Two stars dropped the mits to settle a disagreement Saturday night.  One of them was one of the NHL’s highest paid players, Ilya Kovalchuk of The Devils.  His dance partner was offensively gifted defenseman, Mike Green of the Washington Capitals.  Kovalchuk is 6’2”, 235lbs; Green is 6’1”, 200lbs.  The fight started with 4 minutes remaining in the game with the Caps leading 7-2.  The players both removed their helmets before the fight.  It is common courtesy to remove your helmet before a fight if you play the game with a visor.  Plastic visors can break and gash you if they break in a fight.  The fight was decent with neither player landing any major punches.  The two skated around shadow boxing before grabbing onto each other and throwing a few wild swings and falling to the ice.  The bout was voted a draw on www.hockeyfights.com.        

Fighting is usually reserved for the lower-paid and less skilled players.  From a team perspective, you don’t want your star goal scorers breaking their hands or nose while fighting.  Fighting is in the NHL game in some respects to protect the star players from abuse.  For example if your star player is being physically battered it is your right as a teammate to challenge the abuser to a fight.  This way, star players have a built in protection policy.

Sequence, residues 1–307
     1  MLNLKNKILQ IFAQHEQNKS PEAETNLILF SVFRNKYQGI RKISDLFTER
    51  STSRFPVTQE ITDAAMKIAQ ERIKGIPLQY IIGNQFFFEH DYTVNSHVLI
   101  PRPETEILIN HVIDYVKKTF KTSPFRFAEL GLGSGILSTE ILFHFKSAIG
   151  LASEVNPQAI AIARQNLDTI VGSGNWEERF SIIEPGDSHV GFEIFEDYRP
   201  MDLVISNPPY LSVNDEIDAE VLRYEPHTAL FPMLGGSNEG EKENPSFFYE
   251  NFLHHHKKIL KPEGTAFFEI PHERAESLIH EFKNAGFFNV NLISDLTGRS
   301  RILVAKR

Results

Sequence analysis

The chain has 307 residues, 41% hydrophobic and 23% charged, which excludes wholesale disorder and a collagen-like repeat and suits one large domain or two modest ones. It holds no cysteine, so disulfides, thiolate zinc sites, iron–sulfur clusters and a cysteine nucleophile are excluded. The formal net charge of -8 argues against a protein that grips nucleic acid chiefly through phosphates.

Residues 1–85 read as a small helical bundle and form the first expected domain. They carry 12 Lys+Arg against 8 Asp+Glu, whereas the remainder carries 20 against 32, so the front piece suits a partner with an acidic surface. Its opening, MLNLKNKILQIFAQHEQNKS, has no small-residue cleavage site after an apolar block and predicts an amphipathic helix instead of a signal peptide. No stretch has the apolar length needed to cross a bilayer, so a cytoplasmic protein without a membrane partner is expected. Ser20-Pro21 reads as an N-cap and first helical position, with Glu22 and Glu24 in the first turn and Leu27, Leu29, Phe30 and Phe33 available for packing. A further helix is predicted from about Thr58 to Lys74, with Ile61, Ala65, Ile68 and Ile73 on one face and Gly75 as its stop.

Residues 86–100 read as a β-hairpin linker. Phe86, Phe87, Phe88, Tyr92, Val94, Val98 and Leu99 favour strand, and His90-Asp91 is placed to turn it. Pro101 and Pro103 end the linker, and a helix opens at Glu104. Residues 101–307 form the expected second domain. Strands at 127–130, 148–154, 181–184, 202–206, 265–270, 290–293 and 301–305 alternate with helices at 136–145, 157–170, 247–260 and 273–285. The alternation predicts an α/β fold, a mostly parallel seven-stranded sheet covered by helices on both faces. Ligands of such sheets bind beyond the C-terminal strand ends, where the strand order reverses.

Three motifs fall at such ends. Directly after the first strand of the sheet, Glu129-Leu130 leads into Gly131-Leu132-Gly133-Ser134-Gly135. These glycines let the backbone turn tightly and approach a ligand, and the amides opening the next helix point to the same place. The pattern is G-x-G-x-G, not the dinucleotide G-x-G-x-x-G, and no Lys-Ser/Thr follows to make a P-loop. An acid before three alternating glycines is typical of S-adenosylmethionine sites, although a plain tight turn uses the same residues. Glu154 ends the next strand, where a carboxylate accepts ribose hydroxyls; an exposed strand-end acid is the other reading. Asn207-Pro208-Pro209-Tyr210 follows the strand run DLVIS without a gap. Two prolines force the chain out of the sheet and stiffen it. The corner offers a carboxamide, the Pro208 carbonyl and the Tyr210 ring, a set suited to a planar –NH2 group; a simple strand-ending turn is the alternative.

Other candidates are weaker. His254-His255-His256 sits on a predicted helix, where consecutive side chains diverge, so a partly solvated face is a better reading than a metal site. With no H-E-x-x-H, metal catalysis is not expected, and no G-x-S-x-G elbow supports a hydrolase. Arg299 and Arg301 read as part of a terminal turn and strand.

Kovalchuk has fought 7 times in his career.  Mike Green has only fought twice in his NHL career.  Fighting is certainly a part of hockey, but it’s rare to see two stars get after it.  In the 2003-04 Stanley Cup Finals, stars Vinny Lecavalier and Jarome Iginla got in a tussle.  That was surprising but not totally unexpected.  Those two players play a rugged style and get into the occasional scrap.  Kovalchuk and Mike Green are not physical players which makes this fight a rarity.  Kovalchuk came over to the Devils at the trade deadline last season.  The team re-signed him to a much debated 15 year, $100M contract in the off-season. 

I’m sure Kovalchuk’s teammates appreciate him sticking up for himself.  His Devil teammates will be called upon to protect Kovalchuk as the season continues.  It’s easier to put your own face on the line when you’ve seen the man himself willing to do the same.  The fight earned him the respect of his teammates.  I suspect that this is what Kovalchuk had in mind.  I also suspect the star winger will keep his gloves on for the remainder of the season.  Those hands may be worth $100M, but there no good if they’re broken.